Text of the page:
|Publication number||US1760921 A|
|Publication date||Jun 3, 1930|
|Filing date||Jul 5, 1923|
|Priority date||Jul 5, 1923|
|Publication number||US 1760921 A, US 1760921A, US-A-1760921, US1760921 A, US1760921A|
|Inventors||Colen Bernard D, Strongson Herman L|
|Original Assignee||Colen Bernard D, Strongson Herman L|
|Export Citation||BiBTeX, EndNote, RefMan|
|Referenced by (3), Classifications (5)|
|External Links: USPTO, USPTO Assignment, Espacenet|
. Patented June 3, 1930 UNITED ST TES PATENT OFFICE mm L. srnoneson, or BROOKLYN, AND BERNARD niconnn, or-nnw YORK, 11. Y,
I Application filed .rui 6, 1923. Serial No. 649,394.
This invention relates to electric plug connecters or push plug receptacles and the like, and in particular it relates to structural improvements therein designed to reduce the number of parts and cost of manufacture thereof, and which provides a highly useful prong type plug connecter. v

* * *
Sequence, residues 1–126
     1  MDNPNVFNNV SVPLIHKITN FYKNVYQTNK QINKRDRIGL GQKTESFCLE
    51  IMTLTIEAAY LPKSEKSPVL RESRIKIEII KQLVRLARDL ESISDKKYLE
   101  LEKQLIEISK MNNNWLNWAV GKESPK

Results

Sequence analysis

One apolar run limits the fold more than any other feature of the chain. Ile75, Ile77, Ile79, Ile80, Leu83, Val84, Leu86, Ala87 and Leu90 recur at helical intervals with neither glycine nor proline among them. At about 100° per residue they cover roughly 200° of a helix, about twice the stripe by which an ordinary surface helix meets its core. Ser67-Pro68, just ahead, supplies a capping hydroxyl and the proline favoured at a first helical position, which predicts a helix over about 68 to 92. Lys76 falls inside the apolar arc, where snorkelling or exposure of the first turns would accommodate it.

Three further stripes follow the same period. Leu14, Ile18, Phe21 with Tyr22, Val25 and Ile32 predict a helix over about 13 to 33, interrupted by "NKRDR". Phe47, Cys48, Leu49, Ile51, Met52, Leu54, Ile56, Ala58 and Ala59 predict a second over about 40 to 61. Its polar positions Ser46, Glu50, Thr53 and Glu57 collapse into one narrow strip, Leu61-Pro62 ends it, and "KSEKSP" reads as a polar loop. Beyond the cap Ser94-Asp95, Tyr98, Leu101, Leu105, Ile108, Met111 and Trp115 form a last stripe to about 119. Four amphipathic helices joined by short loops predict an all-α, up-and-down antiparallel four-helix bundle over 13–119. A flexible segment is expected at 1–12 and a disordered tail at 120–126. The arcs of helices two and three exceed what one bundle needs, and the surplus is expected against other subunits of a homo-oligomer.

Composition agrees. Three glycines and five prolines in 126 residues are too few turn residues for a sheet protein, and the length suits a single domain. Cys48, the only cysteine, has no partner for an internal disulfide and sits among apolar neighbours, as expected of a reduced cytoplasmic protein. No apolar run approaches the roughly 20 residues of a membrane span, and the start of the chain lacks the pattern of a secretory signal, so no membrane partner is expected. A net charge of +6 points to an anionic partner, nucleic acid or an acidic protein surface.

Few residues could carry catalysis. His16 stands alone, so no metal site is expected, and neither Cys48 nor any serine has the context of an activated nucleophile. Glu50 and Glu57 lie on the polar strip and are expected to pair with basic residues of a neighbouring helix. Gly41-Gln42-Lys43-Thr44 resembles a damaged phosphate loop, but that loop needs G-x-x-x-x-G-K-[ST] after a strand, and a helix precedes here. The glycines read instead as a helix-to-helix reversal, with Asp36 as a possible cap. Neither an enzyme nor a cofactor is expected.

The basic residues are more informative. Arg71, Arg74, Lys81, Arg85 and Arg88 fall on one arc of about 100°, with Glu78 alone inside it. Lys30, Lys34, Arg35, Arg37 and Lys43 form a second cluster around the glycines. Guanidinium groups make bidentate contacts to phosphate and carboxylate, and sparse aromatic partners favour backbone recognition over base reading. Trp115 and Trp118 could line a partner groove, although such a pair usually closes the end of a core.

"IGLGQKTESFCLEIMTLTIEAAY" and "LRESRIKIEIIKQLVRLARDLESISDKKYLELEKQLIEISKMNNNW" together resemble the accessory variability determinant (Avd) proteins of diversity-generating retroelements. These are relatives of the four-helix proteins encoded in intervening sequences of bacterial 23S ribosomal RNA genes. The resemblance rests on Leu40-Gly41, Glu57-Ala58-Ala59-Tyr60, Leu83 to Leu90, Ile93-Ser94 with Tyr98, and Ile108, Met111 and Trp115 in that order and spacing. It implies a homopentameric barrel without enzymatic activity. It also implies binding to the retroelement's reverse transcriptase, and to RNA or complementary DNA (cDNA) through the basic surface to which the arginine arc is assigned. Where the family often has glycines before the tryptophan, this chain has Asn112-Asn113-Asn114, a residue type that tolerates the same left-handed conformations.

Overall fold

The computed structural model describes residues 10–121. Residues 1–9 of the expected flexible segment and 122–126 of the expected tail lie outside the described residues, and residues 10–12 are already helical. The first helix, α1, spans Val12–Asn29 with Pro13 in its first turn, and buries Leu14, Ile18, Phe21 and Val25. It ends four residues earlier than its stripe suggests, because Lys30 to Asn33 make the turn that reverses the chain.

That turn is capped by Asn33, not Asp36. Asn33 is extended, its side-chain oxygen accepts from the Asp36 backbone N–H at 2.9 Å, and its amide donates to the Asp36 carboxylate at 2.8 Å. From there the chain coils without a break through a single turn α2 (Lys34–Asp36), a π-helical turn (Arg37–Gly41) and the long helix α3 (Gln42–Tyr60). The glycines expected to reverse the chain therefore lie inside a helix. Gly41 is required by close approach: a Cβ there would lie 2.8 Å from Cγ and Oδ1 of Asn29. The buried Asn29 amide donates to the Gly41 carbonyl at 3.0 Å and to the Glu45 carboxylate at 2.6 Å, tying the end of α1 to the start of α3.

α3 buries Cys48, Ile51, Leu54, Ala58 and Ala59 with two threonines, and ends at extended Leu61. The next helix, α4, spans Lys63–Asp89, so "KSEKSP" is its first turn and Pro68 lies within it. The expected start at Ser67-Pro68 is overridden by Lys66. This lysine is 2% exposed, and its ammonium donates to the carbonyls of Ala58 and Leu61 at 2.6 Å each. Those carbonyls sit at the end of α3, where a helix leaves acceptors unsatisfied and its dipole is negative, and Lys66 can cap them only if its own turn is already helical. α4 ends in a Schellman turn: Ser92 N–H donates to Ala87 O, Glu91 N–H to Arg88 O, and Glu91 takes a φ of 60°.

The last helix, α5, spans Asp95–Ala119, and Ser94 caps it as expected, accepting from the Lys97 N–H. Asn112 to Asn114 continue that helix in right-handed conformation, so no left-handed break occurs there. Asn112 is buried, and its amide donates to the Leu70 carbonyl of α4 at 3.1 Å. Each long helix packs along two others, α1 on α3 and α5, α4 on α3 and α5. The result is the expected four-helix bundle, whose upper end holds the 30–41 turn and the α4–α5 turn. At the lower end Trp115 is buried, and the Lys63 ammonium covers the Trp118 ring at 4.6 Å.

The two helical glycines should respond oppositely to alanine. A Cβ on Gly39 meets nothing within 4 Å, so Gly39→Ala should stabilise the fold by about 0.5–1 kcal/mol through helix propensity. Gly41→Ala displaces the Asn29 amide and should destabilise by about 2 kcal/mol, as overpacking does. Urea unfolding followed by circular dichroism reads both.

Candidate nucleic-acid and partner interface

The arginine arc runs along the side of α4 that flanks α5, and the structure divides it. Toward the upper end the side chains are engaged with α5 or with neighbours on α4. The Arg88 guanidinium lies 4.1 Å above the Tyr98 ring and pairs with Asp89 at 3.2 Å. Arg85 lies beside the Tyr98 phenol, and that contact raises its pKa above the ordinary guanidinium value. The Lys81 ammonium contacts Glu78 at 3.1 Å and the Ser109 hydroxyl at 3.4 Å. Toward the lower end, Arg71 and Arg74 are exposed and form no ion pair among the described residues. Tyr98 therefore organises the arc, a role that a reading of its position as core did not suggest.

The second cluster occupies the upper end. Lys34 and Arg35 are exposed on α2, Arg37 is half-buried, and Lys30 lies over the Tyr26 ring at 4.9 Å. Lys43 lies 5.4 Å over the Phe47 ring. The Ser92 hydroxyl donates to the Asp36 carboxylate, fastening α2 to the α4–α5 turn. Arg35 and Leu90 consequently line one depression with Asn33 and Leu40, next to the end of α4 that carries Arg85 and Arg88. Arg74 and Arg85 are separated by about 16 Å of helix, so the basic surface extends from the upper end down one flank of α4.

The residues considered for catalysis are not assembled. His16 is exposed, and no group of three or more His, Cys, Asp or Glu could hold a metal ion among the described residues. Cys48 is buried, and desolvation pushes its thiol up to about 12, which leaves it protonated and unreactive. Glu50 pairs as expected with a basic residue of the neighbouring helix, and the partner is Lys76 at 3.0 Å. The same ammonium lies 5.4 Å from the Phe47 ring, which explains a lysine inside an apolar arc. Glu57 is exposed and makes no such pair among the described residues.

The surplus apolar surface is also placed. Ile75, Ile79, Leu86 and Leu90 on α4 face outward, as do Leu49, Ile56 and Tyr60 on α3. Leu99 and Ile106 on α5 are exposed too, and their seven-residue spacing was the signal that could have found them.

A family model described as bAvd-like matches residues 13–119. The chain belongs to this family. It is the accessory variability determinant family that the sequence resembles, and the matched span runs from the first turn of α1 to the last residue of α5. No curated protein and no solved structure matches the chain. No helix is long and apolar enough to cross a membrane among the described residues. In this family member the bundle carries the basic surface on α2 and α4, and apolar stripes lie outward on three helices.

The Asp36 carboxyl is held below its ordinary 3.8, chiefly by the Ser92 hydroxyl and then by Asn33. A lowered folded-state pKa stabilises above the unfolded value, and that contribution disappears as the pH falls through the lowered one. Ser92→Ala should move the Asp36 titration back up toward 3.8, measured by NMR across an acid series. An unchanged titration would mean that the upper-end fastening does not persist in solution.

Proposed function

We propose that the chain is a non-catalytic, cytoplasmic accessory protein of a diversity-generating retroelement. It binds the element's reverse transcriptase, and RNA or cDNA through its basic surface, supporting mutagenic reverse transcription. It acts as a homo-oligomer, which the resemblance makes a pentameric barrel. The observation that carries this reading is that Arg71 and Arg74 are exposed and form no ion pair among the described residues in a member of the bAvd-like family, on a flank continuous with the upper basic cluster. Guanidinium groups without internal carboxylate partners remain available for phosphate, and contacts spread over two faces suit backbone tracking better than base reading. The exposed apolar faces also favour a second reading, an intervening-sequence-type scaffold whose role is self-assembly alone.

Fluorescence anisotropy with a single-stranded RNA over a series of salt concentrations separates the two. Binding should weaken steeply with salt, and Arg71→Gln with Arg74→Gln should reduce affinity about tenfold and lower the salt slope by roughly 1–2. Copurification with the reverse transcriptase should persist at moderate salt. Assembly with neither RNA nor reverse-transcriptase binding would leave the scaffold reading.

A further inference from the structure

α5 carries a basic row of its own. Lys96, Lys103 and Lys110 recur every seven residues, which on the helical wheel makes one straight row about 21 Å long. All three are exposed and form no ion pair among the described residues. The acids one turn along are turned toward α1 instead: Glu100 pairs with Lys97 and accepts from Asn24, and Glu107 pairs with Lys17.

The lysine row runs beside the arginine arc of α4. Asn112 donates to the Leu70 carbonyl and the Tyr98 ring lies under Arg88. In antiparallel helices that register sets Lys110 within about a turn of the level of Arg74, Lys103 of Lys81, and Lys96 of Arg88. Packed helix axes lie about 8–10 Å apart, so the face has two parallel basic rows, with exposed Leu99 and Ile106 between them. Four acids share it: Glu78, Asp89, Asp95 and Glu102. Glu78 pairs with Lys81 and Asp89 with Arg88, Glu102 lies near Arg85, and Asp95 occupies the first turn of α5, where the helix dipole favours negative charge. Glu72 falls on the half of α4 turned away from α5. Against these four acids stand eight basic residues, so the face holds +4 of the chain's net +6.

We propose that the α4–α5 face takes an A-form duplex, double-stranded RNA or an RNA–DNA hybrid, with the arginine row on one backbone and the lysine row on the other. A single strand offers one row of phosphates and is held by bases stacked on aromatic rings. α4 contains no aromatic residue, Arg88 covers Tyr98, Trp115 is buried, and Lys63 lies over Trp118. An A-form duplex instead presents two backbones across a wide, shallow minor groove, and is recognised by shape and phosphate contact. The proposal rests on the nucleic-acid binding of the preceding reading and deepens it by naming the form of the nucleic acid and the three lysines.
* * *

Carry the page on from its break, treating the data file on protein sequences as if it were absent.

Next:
Primarily an object of the invention is to produce an electrical plug connecter of few parts, one which is strong and durable in 'con-' struction, and in which the metal contact parts comprise'simple structure in the form of single one piece stampings blanked from sheet metal, and in which no screws, or soldered, or riveted connections are employed inassembling the connecters or in fastening them in the body of the plug,
This improved plug connecter converts a sin le electric outlet receptacle into a plural out et receptacle whereby more than one electrical appliancemay be attached to and received current from a single wall outlet, and
it fulfills the need felt for an inexpensive electrical attachment to render more convenient as well as extend the range of uses as respects electrical appliances from a single current supply outlet.
T e accompanying drawings illustrate one preferred embodiment of the invention; and